At the highest levels of the British government there had been growing consternation at the progress of the war in the Middle East. Now Winston Churchill flew out with the Chief of the Imperial General Staff, Sir Alan Brooke, to shake things up.
The commander of the 8th Army, Ritchie, had been relieved of his command at the beginning of July when Rommel had broken through. The overall Commander Middle East, Sir Claude Auchinleck, had then taken direct charge of the 8th Army himself. He had successfully established a new line of defence at El Alamein. However British counter-attacks since then had achieved little. Churchill had decided that he wanted a new Middle East Commander as well as a new 8th Army commander. There was considerable argument between Brooke and Churchill over these appointments.
On the 6th of August Churchill had prevailed and decided to appoint Alexander as Middle East Commander and Gott as commander of the 8th Army. Brooke was an admirer of Gott but thought that he was too tired, having been out in the desert for too long, and that a fresh injection of energy and ideas was needed.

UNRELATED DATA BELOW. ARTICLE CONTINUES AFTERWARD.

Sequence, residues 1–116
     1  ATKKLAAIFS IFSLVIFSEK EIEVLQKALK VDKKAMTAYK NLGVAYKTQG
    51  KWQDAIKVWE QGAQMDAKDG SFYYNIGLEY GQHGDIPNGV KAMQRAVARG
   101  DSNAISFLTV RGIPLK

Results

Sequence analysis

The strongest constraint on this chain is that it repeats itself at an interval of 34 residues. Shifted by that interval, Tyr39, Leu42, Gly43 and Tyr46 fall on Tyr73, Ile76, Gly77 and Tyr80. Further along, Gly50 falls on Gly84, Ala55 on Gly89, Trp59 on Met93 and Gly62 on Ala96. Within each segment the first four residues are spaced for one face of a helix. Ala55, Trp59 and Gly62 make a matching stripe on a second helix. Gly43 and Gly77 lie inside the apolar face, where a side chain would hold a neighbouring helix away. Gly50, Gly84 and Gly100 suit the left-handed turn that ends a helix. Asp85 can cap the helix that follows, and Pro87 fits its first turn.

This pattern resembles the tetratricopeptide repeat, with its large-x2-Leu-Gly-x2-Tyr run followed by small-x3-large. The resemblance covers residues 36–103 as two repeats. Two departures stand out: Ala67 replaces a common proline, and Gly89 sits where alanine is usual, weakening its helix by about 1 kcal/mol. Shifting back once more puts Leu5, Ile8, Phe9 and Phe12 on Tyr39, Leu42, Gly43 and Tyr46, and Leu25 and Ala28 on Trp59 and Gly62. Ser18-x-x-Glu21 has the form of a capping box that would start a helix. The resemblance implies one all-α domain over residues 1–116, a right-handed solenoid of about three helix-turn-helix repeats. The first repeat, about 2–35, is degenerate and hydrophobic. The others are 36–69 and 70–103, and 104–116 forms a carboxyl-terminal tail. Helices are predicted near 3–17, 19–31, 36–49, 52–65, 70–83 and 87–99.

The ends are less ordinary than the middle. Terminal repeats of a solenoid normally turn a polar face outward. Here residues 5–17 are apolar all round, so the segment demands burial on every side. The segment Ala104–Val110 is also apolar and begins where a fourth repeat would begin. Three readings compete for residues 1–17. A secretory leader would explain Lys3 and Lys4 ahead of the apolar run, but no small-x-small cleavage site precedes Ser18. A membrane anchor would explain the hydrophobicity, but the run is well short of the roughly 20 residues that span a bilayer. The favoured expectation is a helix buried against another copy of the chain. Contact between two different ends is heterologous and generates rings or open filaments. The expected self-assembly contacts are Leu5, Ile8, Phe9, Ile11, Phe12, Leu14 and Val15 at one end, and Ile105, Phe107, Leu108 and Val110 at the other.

However the matter was not completely settled:
Just as I was starting for home for dinner I received the news that Gott had been killed this afternoon being shot down whilst flying back from Burg el Arab. A very hard blow coming on top of all the planning we had been doing. He was one of our linkpins! I do feel sorry for Mrs Gott.
After dinner PM, Smuts I had conference as to how the matter should be settled. Had some difficulty. PM rather in favour of Wilson. However Smuts assisted me and telegram now been sent off to Cabinet ordering Montgomery out to take command 8th Army. I hope we get Alexander and Montgomery out soon so that I may settle details of Corps Commanders and Chiefs of Staff with them.
And so fate intervened. Montgomery, who had until this time been based in Britain. He had served under Brooke at the beginning of the war in France – his talent had been recognised by the one man who mattered, despite his various idiosyncracies.